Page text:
Seven steps to a better staffing, salary strategy

If you're losing sleep over staffing and salary issues, here are seven steps to help you rest easy.

At small, growing companies, nailing down the perfect staffing and salary strategies can be complicated. With fewer resources than larger competitors, small and midsized businesses (SMBs) need to hire and keep versatile employees who can work on multiple projects across various departments.

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The latest report from Info-Tech Research Group Inc., a firm dedicated to the midmarket, advises IT managers to formalize their staffing and salary strategies -- starting with a trip to the CEO's office to help align IT and corporate goals. Here's a sampling of Info-Tech's suggested best practices for building -- and paying -- your IT team.

  1. Set staffing levels. It's important to understand corporate goals and use them to set IT staffing levels. For example, the strategic plan may require a greater focus on disaster recovery planning or help desk planning.

  2. Establish job requirements. Look for gaps in skills or experience within the IT department. Then make a skills matrix and assign priority levels for different levels of certification or experience.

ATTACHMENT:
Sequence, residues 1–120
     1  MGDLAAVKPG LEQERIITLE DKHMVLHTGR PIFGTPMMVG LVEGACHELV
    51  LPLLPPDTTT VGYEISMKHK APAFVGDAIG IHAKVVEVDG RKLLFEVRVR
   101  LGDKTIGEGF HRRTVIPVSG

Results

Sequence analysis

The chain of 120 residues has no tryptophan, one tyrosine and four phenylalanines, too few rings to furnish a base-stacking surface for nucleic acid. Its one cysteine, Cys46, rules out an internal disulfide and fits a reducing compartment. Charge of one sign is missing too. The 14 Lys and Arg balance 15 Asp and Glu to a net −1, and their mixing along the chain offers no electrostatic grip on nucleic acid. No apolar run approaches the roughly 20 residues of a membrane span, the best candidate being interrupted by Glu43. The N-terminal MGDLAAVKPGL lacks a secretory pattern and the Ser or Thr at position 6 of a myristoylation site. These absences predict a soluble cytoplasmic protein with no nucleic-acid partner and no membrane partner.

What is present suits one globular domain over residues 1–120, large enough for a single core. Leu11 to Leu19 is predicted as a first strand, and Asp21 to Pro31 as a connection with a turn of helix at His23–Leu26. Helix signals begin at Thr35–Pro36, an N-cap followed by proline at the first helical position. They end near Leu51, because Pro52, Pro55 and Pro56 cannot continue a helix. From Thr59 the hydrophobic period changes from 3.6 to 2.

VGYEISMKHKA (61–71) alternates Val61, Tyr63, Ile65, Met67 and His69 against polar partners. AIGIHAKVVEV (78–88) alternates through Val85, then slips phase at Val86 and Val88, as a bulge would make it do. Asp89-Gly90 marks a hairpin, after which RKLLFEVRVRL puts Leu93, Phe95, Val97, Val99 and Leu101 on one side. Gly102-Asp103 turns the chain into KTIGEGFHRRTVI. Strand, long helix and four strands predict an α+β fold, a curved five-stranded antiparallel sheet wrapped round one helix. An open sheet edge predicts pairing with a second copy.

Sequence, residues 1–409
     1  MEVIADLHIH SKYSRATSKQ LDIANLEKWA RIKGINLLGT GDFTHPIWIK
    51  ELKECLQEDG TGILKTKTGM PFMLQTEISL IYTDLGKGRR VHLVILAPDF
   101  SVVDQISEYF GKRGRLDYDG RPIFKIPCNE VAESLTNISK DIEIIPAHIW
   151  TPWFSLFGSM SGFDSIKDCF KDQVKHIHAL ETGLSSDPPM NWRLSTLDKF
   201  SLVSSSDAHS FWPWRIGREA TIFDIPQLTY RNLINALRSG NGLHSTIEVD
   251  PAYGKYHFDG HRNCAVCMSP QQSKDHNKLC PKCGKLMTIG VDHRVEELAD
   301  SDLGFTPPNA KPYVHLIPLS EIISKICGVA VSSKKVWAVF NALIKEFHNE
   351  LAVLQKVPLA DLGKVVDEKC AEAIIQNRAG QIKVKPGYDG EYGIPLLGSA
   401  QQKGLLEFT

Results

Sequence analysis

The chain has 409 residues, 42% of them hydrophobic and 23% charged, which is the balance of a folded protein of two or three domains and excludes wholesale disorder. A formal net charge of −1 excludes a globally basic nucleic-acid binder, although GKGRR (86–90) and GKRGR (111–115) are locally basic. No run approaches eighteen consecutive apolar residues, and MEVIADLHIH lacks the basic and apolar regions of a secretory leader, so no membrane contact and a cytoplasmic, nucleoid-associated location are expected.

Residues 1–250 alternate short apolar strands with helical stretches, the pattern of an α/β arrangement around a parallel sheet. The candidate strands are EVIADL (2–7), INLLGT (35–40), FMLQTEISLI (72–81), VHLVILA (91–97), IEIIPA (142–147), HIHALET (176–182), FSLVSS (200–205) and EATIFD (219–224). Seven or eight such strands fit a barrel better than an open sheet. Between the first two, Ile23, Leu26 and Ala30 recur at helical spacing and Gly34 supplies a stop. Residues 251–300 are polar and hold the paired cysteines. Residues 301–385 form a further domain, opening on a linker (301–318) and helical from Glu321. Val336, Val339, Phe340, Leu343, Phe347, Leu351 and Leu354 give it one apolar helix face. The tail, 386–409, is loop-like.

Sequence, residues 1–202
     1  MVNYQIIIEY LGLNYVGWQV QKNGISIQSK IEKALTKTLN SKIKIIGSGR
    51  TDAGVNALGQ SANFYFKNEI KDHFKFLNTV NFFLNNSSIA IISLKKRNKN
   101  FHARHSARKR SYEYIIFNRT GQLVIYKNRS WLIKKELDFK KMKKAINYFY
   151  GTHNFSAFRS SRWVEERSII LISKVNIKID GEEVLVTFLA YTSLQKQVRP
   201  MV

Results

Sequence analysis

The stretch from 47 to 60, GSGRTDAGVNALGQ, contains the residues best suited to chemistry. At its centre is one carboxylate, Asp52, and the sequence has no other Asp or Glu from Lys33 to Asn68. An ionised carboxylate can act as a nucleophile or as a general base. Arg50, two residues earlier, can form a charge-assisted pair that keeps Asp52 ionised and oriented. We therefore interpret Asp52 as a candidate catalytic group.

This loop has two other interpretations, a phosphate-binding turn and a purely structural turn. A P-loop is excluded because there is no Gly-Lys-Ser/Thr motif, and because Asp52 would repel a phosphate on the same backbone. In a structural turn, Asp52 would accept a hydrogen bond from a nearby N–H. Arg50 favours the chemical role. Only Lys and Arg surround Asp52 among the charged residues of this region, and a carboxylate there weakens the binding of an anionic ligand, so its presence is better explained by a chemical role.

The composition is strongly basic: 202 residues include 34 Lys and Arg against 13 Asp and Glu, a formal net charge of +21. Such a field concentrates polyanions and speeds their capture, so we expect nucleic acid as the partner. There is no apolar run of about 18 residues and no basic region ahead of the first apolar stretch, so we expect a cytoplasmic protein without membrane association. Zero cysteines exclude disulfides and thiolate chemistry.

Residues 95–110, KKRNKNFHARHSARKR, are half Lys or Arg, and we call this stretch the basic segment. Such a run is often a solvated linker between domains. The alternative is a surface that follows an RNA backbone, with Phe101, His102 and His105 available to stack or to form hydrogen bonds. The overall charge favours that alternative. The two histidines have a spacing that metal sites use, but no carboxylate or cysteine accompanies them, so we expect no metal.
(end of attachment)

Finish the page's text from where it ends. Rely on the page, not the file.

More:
3. Build job descriptions. Create job descriptions for both existing IT staff and (this is the important part) future hires. Remember to adjust these as needs change.

  4. Bonuses These can be great incentives at SMBs, but how should they be distributed throughout the group? Here's the formula Info-Tech suggests:

    • Senior IT management: 15% of base salary.

    • Other IT management: 7.5% of base salary.
    • Other IT staff: 5% of base salary.
  5. Research salary benchmarks. Information on salary ranges for specific job titles is available from a variety of resources. Make sure to consider your source when looking at salary data.

  6. Understand the competitive environment. For example, local labor conditions may dictate that an organization assign salaries at the top end of benchmark salary ranges. Specific industry experience can also skew benchmark data. For example, an experienced Java programmer with specific knowledge of the pharmaceutical industry will demand a higher salary than one without domain experience.

  7. Determine total compensation from base salary. To determine total compensation, the base wage for employees must be adjusted to reflect benefits. Human resources departments may make organization-specific base-wage-to-total-compensation ratios available.

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